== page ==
Good morning, everybody!
I worked most of the day yesterday with Olivia getting this little tutorial ready..I do so hope that it is helpful, and becomes a part of some wonderful memories with your children!
Okay! So. For one dollhouse, you need, as stated in the Cookie magazine instructions, a standard 20" x 30" piece of foam-core. Get your cutting mat, straight-edge, and a sharp utility knife. You'll also need some spray-glue, a pencil, and scrapbooking or wrapping paper.
This is the scrapbooking paper I used for the Charlie and Lola house. It's available here.
Using a straight-edge and a utility knife, cut two 10" pieces off one of the shorter ends of your piece of foam-core so that you have two 20" x 10" pieces:
measure over 10" from the edge...
use your straight-edge to cut...
Next, lay your two 20" x 10" pieces out like this:
On one of your pieces, measure over from the side 10" and make a line, from the top-down, 5". Then cut a 1/4" wide notch where you drew your line:
Measure in 10", draw a line down from the top 5"...
Cut a 1/4" wide notch along that line...
Do the same thing along the bottom edge of the other piece. Your two pieces will look like this:
Next, along the bottom of both rectangles, measure in 4 1/2" from both ends, and cut doorways 2" wide and 5"tall:
measure in 4 1/2"...
and cut out a door 5" tall and 2" wide...do this from each end of the bottom of both rectangles.
Yay! That was the hard part! Now, you get to decorate! Put your pieces together like so:
Mark on each wall what room it will be (kitchen, bedroom, living room, etc.), so that you know where to glue your pieces of paper...Take the pieces apart, and get ready to glue.
***(Gluing must be done outside [believe me, you do not want this stuff in your house]. I am not showing how I did it outside, because it was windy and hot. But do take the time to go out. It doesn't smell good and, as all good glue should be, it is very sticky.)***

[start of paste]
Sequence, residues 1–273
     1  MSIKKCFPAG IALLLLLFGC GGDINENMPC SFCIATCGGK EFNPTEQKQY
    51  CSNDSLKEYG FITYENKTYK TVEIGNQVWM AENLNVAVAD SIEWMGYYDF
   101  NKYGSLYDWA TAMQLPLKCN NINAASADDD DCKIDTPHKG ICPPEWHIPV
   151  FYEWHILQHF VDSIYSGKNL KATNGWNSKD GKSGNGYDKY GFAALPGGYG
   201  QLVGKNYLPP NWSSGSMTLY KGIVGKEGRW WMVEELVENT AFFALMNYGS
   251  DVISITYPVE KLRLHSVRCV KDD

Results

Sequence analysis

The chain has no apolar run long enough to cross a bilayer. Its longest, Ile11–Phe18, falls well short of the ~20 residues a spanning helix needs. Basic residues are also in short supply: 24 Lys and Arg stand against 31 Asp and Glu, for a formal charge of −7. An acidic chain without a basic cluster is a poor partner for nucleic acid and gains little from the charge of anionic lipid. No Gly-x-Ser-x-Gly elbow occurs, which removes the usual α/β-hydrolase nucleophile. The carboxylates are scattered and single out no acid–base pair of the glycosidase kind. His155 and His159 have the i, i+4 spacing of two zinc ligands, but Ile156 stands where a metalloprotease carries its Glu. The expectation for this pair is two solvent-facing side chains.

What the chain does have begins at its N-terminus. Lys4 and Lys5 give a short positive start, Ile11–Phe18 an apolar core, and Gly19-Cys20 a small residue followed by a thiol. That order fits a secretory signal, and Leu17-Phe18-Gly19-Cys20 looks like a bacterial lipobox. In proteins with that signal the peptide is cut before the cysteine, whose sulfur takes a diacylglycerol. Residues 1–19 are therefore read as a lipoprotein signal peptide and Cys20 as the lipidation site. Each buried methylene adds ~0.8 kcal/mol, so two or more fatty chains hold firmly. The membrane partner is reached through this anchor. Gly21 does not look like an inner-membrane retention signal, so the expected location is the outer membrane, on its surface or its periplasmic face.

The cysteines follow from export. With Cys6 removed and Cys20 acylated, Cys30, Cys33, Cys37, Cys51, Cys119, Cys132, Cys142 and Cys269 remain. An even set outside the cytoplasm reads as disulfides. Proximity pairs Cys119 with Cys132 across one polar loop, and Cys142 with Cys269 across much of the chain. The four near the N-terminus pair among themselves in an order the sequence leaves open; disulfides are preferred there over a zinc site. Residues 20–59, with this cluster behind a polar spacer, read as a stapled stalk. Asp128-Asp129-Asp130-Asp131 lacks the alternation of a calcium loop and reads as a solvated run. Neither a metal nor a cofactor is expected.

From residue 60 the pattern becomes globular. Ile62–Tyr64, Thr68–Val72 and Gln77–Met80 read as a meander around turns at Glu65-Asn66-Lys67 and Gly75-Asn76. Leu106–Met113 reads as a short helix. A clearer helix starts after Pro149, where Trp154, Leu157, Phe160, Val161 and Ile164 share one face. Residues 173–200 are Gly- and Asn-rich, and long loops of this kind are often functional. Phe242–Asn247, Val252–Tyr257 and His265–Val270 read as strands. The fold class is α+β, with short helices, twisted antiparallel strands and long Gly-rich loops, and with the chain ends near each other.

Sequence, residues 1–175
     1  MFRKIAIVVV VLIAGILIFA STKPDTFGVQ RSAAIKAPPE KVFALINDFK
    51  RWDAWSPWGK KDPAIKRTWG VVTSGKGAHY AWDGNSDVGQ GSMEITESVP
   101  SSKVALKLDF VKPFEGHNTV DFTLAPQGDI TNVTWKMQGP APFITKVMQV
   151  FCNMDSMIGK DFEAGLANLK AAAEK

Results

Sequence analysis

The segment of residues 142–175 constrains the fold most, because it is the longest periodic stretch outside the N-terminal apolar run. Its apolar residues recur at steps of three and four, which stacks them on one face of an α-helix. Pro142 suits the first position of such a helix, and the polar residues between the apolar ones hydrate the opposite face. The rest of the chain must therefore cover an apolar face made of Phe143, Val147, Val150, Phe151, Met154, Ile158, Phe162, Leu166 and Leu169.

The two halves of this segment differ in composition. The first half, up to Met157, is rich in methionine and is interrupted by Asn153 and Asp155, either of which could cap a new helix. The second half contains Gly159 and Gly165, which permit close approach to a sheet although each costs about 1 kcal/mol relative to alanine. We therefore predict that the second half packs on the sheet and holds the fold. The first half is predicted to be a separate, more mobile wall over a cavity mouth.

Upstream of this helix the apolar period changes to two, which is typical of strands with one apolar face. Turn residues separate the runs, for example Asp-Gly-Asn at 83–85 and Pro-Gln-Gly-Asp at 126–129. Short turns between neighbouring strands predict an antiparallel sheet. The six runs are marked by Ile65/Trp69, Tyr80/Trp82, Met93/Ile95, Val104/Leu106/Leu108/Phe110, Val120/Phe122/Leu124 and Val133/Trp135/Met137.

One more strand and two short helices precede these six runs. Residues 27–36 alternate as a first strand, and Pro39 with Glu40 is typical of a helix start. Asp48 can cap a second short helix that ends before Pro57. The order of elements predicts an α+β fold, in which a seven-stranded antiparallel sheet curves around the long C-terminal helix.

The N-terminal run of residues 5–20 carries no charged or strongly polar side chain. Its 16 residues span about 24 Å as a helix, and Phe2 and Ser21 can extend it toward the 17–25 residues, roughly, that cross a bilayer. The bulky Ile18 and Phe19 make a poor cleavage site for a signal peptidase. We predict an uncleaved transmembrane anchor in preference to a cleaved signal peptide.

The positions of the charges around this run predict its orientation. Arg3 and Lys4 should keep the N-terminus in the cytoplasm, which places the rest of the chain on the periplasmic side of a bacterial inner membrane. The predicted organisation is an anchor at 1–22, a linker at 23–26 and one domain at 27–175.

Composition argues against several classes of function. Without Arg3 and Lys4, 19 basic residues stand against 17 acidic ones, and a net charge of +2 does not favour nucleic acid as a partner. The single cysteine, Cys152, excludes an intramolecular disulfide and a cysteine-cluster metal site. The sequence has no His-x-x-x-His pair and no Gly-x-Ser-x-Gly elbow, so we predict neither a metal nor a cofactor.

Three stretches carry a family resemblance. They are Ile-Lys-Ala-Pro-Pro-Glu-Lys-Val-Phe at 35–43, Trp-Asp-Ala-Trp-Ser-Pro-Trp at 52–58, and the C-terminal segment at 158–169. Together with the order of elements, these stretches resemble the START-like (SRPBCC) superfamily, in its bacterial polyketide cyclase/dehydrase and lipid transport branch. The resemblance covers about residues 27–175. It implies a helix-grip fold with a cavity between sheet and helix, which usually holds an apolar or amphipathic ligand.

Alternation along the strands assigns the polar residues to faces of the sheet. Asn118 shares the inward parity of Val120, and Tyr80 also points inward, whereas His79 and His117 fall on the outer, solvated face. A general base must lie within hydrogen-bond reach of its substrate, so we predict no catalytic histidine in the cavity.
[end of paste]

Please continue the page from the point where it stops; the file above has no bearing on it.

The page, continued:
Anyway, spray your chosen paper, lay it on the room you are doing so that it just half-way covers the notch:
Do the same for the other half of the side you are doing, and line it up so that it is touching your first piece of paper, covering the notch completely:
Next, turn it over, and using your straight-edge, trim all around the doors, edges, and the notch:
Make sure that you only do one side of the board at a time, or it will be very difficult to cut your doors and notches out!
We (Olivia and I) chose this time to make the home of Snugglepot and Cuddlepie, beloved Australian gumnut babies created by May Gibbs in 1918. They are almost like little fairies, but they are based in the Australian Bush, and their home reflects this.
So, for this second dollhouse, we used a kind of nature-y, Borrowers kind of feel for our papers, as if it was in the woods (or Australian bush) and had been patched and decorated with found items and papers. This works with the story of Snugglepot and Cuddlepie. Obviously, my papers were very different for the Charlie and Lola dollhouse--sort of shabby British chic (!?)...Do what works for your characters. (I think a log-cabin paper would be very cute, for instance, for Little house on the Prairie.) Have fun with it!
For both houses, I used iron-on transfer paper from the craft-store to make my dolls. I just copied the pictures from the books. If you do not want to do that, MamaKopp has (or can make) some wonderful wooden dolls that would be perfect for this! And, of course, small Barbies or Polly Pockets would be super too, as shown here. There's absolutely no need to get fancy, if you don't want to!
Hope this is clear...I'll be back just a little later with more pictures of our Snugglepot and Cuddlepie dollhouse. Cheers!